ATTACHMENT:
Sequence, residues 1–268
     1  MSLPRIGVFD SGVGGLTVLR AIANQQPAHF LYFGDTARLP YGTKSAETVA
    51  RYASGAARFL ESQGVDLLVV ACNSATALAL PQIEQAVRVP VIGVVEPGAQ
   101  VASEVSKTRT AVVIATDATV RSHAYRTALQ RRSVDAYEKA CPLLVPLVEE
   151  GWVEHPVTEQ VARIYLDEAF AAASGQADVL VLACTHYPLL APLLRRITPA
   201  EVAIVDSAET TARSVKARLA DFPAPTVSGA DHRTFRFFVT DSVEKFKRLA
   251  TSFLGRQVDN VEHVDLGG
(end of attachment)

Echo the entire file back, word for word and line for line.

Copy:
Sequence, residues 1–268
     1  MSLPRIGVFD SGVGGLTVLR AIANQQPAHF LYFGDTARLP YGTKSAETVA
    51  RYASGAARFL ESQGVDLLVV ACNSATALAL PQIEQAVRVP VIGVVEPGAQ
   101  VASEVSKTRT AVVIATDATV RSHAYRTALQ RRSVDAYEKA CPLLVPLVEE
   151  GWVEHPVTEQ VARIYLDEAF AAASGQADVL VLACTHYPLL APLLRRITPA
   201  EVAIVDSAET TARSVKARLA DFPAPTVSGA DHRTFRFFVT DSVEKFKRLA
   251  TSFLGRQVDN VEHVDLGG